Finnish mill leads bio-manufacturing

Philip Hokpins

When Australian Paper last year floated the idea of creating a bio-manufacturing operation at its plant, its model was Metsa Group’s new $2 billion Aanekoski mill in Finland.

AP’s probe into building a waste-to-energy plant is an integral part of this investigation, which aims to make the company part of the growing bio-economy.

The €1.2 billion Aanekoski bio-product mill is at the cutting edge of this new industry.

It began operating in August last year.

Wood pulp and fibre are creating new products such as fibre packages, composites, polymers, pharmaceuticals, cosmetic products and bioenergy.

“The mill is the biggest forest industry investment in the history of Finland,” said Metsa Fibre’s senior vice-president of business development, Kaija Pehu-Lehtonen, in an interview in Helsinki.

“It’s also the largest wood-processing facility in the northern hemisphere.”

Jussi Manninen, a senior executive with VTT, Finland’s CSIRO, said Metsa said in 2014 that building the bio-mill had a huge psychological effect.

“The company was saying, ‘We believe in this industry, we are going to put down €1.2 billion’,” he said.

“That was of major importance. The public and industry perception changed.”

Metsa Group employs 9100 people and its mother company is a co-operative of 104,000 forest owners.

It has five main business areas – wood supply and forest services, engineered wood products, pulp and sawn timber, paperboard, and tissue and cooking paper.

The bio-product mill is part of the pulp and timber division, Metsa Fibre, which employs 1200 people and last year had sales of €1.9 billion.

Ms Pehu-Lehtonen said Metsa was no longer making printing paper at all.

Instead, the wood entering the bio-product mill is processed to pulp, which is used by Metsa Group’s other businesses, or sold to the market and various side streams.

“Bio-products derived from the side streams already account for 20 per cent of the mill’s sales, and the proposition will continue to grow in phases,” she said.

The mill’s side streams included:

Bioelectricity from dissolved wood

Transforming bark into traditional bioenergy but also new biofuels. Half the bark is gasified into renewable fuel for the mill’s own use, while the rest is sold as biofuel

Higher value-added products – textiles and bio-composites – from pulp. Bio-composites are mainly used in consumer electronics, construction and the automotive industry, but also in bio-medical engineering and other engineering applications

New bio-products from lignin, a big part of the wood. “That is also in our research agenda, but is not yet taking off.”

Biogas from sludge for traffic fuel or the mill’s own use, and solid biofuel for external power plants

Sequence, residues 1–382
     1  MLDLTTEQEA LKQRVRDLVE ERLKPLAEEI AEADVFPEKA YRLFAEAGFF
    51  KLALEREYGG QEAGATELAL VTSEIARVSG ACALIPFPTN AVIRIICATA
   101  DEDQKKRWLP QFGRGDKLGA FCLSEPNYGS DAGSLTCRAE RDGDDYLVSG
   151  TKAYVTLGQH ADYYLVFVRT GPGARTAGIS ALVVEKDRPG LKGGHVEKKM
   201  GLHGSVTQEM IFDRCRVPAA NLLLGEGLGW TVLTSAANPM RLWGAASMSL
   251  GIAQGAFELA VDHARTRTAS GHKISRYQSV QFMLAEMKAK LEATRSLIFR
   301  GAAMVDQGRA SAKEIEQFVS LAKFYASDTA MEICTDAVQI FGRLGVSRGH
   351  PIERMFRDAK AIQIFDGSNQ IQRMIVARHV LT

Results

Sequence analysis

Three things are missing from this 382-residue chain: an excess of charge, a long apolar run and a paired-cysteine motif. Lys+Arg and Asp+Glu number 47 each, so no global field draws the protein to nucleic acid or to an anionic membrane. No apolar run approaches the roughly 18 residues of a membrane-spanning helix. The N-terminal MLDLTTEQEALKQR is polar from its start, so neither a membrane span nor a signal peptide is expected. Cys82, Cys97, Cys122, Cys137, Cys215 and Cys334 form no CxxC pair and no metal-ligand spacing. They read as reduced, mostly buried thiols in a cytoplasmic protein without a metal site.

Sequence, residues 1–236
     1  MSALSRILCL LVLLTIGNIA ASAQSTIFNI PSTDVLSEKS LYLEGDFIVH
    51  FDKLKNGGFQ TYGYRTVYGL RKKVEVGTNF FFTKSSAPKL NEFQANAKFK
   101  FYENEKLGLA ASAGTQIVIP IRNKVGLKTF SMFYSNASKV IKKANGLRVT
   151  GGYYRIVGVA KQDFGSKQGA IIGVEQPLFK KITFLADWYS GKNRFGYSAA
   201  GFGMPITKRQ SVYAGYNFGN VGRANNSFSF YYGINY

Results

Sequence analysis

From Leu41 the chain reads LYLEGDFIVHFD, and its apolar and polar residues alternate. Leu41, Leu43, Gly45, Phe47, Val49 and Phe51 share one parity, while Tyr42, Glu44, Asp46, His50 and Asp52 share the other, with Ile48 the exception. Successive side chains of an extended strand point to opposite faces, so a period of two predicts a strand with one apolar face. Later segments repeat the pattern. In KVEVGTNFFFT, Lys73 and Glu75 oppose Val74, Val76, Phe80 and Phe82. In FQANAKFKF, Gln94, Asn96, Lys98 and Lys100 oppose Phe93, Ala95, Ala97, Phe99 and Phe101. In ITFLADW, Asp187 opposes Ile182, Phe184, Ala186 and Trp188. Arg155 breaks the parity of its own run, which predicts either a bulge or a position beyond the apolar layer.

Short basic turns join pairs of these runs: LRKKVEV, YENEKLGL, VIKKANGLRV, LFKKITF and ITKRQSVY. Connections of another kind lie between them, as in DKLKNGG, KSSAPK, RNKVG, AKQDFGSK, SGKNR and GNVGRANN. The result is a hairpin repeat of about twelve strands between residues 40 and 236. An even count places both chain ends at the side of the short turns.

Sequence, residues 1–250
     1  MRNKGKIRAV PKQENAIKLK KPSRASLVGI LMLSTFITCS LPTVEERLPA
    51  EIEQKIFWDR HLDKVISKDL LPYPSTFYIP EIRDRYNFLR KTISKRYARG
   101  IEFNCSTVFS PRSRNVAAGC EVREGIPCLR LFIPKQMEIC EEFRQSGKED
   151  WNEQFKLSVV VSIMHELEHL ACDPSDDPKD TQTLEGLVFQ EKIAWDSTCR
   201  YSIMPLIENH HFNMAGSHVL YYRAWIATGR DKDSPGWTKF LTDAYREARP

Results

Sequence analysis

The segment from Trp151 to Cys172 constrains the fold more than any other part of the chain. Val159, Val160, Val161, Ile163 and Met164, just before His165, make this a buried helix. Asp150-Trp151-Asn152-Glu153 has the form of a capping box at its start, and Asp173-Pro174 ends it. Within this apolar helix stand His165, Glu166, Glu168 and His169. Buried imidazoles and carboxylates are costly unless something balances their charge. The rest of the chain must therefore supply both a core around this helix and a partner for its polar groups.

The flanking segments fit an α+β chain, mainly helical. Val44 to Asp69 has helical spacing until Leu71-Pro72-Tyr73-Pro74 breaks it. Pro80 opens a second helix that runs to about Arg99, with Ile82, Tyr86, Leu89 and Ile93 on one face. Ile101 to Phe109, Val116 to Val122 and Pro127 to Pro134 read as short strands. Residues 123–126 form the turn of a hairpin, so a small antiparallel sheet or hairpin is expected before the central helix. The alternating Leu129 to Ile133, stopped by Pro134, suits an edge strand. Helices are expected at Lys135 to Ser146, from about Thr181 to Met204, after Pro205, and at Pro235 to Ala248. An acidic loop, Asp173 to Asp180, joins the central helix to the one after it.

Fertiliser and earth works material from dregs and ashes

Sulphuric acid and methanol from odorous gases for the mill’s own use.

Ms Pehu-Lehtonen said Metsa Group’s innovation company, Metsa Spring, and its Japanese partner Itochu, would build a demonstration plant to produce a new kind of textile fibre from non-dried pulp next to the Aanekoski bio-product mill.

Mr Manninen said Paptic, a spin-off from VTT, had also produced a prototype fibre bag to replace plastic bags.

The bio-product mill, which does not use fossil fuels, is 240 per cent energy self-sufficient and will generate 2.5 per cent of all electricity in Finland.

“The mill has met expectations. There is always learning and adjustments, but we have the capacity in the long run to add to this mill,” she said.

Metsa’s research links include VTT and other outside partners such as universities and technology providers.

“We put the money where we find the best capabilities,” Ms Pehu-Lehtonen said. Finland’s forestry industry gets two-thirds of its wood from family forest farms, where the average estate is 30 hectares.

In Victoria, most native forest, which is mainly hardwood, is owned by the Crown, with softwood sourced from company pine plantations.

Metsa’s environment director Jussi Ripatti said the company had up to 35,000 wood procurement contracts each year.

“It’s a complex wood supply chain,” he said.

Finland, one-and-a-half times the size of Victoria, has 5.5 million people and is 75 per cent forest. Victoria is one-third forest.

Metsa’s wood is 88 per cent certified, most under Program for the Endorsement of Forest Certification, the same standard that VicForests has achieved for Victoria’s forests.

About seven per cent of Finland’s forests are Forest Stewardship Council certified.

VicForests is trying to achieve FSC certification.

Mr Ripatti said Finland had made great conservation progress, with 12-13 per cent of the country’s forests now protected–- “the highest percentage in Europe at the moment”. Victoria has 60 per cent of its forests in reserves, with another 34 per cent unavailable because the forest is inaccessible or unsuitable.